Software

GNU Emacs 24.4 Released Today 145

Posted by timothy
from the please-have-more-than-8-megs-of-RAM dept.
New submitter Shade writes Well over one and a half years in the works, the latest and greatest release of GNU Emacs was made officially available today. Highlights of this release include a built-in web browser, improved multi-monitor and fullscreen support, "electric" indentation enabled by default, support for saving and restoring the state of frames and windows, pixel-based resizing for frames and windows, support for digitally signed ELisp packages, support for menus in text terminals, and much more. Read the official announcement and the full list of changes for more information.
Operating Systems

More Eye Candy Coming To Windows 10 195

Posted by timothy
from the sincere-flattery dept.
jones_supa writes Microsoft is expected to release a new build of the Windows 10 Technical Preview in the very near future, according to their own words. The only build so far to be released to the public is 9841 but the next iteration will likely be in the 9860 class of releases. With this new build, Microsoft has polished up the animations that give the OS a more comprehensive feel. When you open a new window, it flies out on to the screen from the icon and when you minimize it, it collapses back in to the icon on the taskbar. It is a slick animation and if you have used OS X, it is similar to the one used to collapse windows back in to the dock. Bah.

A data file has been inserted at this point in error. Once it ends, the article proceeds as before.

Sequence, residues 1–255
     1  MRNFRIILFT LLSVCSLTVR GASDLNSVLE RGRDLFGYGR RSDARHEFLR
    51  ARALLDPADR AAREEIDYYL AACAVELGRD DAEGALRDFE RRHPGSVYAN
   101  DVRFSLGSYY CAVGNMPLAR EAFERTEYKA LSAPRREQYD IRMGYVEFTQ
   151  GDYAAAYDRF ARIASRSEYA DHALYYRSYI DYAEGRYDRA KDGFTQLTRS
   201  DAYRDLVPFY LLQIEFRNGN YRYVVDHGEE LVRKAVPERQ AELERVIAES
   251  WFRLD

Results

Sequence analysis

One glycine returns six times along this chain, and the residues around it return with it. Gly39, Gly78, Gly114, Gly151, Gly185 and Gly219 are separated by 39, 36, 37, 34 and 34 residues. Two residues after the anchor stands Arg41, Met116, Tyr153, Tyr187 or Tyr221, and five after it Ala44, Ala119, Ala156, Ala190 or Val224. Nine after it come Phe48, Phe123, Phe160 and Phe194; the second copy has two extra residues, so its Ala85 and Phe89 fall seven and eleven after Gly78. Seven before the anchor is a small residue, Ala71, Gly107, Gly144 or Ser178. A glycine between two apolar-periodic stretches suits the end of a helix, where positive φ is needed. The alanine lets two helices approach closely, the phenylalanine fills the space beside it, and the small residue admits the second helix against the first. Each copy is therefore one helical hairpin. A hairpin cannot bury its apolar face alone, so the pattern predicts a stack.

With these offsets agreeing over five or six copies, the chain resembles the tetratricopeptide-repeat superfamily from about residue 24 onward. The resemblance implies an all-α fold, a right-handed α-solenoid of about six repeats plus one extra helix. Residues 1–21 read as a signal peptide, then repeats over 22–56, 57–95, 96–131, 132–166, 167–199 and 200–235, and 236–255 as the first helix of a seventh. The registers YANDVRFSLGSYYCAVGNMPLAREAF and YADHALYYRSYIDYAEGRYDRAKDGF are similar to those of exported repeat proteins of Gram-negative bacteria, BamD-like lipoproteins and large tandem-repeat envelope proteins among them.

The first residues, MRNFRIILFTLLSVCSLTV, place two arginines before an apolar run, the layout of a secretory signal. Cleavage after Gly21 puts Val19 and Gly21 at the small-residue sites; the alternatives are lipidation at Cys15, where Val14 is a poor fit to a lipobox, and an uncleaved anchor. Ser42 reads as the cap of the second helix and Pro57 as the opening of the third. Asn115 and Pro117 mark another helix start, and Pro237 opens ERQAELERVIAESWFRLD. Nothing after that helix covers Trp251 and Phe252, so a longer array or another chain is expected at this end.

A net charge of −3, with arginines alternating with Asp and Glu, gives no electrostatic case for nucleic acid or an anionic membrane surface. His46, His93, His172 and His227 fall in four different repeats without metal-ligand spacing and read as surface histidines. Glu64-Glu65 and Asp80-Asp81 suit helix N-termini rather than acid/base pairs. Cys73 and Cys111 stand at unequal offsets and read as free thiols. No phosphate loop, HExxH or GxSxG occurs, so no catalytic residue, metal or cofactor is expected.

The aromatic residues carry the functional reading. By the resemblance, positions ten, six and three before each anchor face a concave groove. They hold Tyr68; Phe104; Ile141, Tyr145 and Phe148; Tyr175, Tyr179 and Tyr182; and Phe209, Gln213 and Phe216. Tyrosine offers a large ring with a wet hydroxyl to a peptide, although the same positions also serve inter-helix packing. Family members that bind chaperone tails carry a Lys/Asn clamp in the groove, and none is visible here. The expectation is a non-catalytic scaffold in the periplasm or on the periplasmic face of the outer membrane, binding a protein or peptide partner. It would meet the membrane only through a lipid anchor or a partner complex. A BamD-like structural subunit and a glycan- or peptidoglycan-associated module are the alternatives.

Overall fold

Open Source

Help ESR Stamp Out CVS and SVN In Our Lifetime 221

Posted by timothy
from the for-the-child-processes dept.
mtaht writes ESR is collecting specifications and donations towards getting a new high end machine to be used for massive CVS and SVN repository conversions, after encountering problems with converting the whole of netbsd over to git. What he's doing now sort of reminds me of holding a bake sale to build a bomber, but he's well on his way towards Xeon class or higher for the work. What else can be done to speed up adoption of git and preserve all the computer history kept in source code repositories? ESR says he'll match funds toward the purchase of the needed hardware, so if you want to help drive him into bankruptcy, now's your chance.
Debian

Debian's Systemd Adoption Inspires Threat of Fork 485

Posted by timothy
from the tine-to-weigh-priorities dept.
New submitter Tsolias writes It appears that systemd is still a hot topic in the Debian community. As seen earlier today, there is a new movement shaping up against the adoption of systemd for the upcoming stable release [of Debian], Jessie. They claim that "systemd betrays the UNIX philosophy"; it makes things more complex, thus breaking the "do one thing and do it well" principle. Note that the linked Debian Fork page specifically says that the anonymous developers behind it support a proposal to preserve options in init systems, rather than demanding the removal of systemd, and are not opposed to change per se. They just don't want other parts of the system to be wholly dependent on systemd. "We contemplate adopting more recent alternatives to sysvinit, but not those undermining the basic design principles of "do one thing and do it well" with a complex collection of dozens of tightly coupled binaries and opaque logs."
Encryption

'Endrun' Networks: Help In Danger Zones 27

Posted by timothy